Sunday, 31 December 2006

Courses I've played : Pebble Rock Golf Club : 6-7/10

If you live in Joburg and don't mind an early start, an hour or so drive and some really warm weather for a round of golf then Pebble Rock should be on your list of courses to visit - if you are worried about the rating I gave, don't be (I'll get to that).

Pebble Rock is already a good course and it will probably get even better over the next few years once they get the fairways sorted out and put up some additional signage to make it easier to find.

The greens are stunning for such a young course (although the breaks are sometimes a little exaggerated), they are grainy but true, slow uphill and like lightning the other way (note to greenskeeper - move the cups around a little more often, its no fun lipping out because the edges of the cups are bevelled). My measure of a good course is if both low and high handicappers enjoy playing it - we had a 7, a 10 and a 15 in our group and everyone walked off without a bad thing to say about the course.

The only faults that really come to mind are the state of the fairways (they are quite patchy and need to grow a full covering of grass), the hole layouts that can be somewhat confusing (in some cases there are long distances to travel between a green and the next tee and then greens and tee's are right on top of each other elsewhere and the holes criss-cross each other in several places), the fact that property size constraints have given rise to some interesting and compromised hole layouts with ill-defined lines and directions off the tee (there are no caddies on the course, so we took carts and each cart had a map of the layout of the course, the map was well used and somewhat beaten up and didn't really help other than to give general direction), that there are no distance markers other than 100m and 150m poles (which didn't look and feel right in some case) and the club could do well to put distances on sprinkler heads, etc and publish a course guide and finally there a places where the houses are far to close to the course, in some places to the degree that I almost felt like I was teeing off in someones back-yard (coupled that with the fact that a particular home owner seems to enjoy watching his dog attacking golfers as they legitimately use the cart path that travels past his house).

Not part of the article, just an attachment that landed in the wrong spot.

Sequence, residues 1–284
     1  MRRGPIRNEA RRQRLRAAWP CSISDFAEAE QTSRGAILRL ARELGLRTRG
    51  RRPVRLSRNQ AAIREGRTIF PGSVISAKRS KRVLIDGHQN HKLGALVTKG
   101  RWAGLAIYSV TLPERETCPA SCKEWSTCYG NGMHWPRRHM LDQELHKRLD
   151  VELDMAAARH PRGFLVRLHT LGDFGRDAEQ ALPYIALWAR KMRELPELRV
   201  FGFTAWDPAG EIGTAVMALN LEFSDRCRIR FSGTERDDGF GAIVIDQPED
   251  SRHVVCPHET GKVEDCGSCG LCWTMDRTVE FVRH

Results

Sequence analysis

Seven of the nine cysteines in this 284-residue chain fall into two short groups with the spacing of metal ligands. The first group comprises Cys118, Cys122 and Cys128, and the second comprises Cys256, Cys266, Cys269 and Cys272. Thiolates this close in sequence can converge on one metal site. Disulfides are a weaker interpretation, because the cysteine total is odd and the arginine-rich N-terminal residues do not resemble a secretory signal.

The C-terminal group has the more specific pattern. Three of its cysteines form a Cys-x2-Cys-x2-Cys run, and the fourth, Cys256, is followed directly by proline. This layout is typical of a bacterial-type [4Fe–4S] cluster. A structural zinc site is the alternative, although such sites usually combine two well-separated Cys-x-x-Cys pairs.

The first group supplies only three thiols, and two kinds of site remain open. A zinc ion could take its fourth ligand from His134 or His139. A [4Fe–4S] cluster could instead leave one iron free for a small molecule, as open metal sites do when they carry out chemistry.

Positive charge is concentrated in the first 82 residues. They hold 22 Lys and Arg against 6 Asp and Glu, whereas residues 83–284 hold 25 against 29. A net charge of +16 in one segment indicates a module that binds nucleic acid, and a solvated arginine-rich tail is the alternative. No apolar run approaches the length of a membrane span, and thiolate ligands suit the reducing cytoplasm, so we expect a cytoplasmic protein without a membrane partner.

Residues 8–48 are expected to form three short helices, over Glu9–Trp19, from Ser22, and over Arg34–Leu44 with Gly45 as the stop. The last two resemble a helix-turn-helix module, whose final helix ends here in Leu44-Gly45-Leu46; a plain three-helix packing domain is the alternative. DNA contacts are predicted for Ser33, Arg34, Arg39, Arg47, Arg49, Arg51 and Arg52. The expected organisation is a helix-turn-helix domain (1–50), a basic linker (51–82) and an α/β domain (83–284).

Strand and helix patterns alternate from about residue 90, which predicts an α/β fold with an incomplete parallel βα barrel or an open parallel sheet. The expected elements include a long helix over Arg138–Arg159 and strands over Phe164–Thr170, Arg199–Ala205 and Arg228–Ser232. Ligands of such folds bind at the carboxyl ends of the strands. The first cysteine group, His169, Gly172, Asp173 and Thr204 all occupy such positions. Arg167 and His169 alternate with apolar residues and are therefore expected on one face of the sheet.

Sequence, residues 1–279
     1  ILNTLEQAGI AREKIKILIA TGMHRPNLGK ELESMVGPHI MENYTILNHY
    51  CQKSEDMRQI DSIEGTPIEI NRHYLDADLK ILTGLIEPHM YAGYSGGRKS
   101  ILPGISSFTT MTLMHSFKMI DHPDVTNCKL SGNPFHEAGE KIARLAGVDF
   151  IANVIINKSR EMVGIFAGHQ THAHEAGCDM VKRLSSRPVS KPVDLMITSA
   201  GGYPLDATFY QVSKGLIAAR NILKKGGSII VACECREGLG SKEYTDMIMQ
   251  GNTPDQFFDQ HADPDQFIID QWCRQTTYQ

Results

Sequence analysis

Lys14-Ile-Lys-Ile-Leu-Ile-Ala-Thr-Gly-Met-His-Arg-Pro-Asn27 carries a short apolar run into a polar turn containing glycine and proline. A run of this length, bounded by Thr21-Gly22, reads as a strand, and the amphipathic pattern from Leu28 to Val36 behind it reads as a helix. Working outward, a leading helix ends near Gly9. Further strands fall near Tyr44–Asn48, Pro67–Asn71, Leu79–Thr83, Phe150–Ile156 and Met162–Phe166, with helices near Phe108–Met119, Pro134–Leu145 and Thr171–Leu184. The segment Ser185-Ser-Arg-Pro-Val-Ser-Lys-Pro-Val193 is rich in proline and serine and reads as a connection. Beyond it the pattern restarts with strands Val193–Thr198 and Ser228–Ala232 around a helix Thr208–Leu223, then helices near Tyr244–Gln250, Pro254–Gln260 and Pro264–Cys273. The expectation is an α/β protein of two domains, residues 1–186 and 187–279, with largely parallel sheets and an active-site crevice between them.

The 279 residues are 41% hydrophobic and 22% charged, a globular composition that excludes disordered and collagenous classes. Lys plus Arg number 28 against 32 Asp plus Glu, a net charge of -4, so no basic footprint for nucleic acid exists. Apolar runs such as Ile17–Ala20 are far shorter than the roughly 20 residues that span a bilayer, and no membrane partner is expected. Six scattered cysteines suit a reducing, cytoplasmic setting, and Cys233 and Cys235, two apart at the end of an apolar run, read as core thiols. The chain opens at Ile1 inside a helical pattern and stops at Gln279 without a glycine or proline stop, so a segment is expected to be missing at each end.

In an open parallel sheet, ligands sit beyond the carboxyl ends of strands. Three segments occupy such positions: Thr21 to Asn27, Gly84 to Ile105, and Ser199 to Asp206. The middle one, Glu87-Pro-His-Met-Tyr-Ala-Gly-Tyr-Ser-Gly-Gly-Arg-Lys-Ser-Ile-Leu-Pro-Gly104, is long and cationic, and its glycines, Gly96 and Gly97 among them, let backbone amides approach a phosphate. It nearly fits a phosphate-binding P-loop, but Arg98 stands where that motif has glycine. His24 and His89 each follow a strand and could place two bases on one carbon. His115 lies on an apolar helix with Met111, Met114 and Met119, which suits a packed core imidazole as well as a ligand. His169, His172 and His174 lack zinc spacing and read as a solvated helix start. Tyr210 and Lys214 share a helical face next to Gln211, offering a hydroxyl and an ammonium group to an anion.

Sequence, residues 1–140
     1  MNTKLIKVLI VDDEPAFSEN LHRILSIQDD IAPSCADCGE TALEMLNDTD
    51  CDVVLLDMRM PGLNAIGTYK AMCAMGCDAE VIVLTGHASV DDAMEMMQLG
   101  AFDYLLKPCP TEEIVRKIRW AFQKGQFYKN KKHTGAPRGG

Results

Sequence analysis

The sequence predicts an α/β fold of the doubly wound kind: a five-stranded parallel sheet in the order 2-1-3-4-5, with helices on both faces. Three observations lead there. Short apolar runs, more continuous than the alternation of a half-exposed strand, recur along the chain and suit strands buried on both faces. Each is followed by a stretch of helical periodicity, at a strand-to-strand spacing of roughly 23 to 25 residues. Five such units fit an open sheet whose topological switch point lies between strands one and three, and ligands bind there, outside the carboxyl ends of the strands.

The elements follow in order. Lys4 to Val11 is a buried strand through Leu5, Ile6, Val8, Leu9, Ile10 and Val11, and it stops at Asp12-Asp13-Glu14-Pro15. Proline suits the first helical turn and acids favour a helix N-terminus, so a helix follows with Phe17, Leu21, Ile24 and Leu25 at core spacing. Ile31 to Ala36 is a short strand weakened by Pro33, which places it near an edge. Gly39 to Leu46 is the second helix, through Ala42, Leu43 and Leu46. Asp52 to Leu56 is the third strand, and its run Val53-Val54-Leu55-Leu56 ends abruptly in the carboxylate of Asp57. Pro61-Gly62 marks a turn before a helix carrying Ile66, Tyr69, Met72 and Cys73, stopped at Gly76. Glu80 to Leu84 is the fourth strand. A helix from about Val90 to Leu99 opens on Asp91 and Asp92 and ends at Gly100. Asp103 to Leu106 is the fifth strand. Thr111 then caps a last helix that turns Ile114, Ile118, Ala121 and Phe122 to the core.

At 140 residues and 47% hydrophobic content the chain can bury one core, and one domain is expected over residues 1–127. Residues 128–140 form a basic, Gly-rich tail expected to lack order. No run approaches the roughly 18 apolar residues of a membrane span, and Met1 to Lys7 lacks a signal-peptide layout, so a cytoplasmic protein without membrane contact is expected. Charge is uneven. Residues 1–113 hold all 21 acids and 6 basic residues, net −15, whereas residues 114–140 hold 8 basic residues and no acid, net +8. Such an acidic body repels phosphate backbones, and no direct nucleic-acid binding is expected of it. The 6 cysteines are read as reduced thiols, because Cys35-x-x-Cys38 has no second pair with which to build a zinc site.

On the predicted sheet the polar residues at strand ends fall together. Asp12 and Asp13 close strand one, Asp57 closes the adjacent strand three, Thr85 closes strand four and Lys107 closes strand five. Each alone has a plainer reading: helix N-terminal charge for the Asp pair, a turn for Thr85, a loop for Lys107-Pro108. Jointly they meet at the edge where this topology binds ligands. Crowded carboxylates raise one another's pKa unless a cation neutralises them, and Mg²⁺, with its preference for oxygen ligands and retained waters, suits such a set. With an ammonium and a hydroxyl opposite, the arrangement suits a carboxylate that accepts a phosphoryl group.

I have to admit that once I got going I really enjoyed this course, it rewards accurate play and there is a good risk/reward return when you go for the pins on nearly all of the holes, but you do need to know the green layouts - I'd very much like to play the course again when the wind is not blowing quite so hard to get a feel for how it plays in normal highveld conditions (also knowing where to hit the ball off the tee will make playing that much more enjoyable, especially with the one or two blind shots that are required).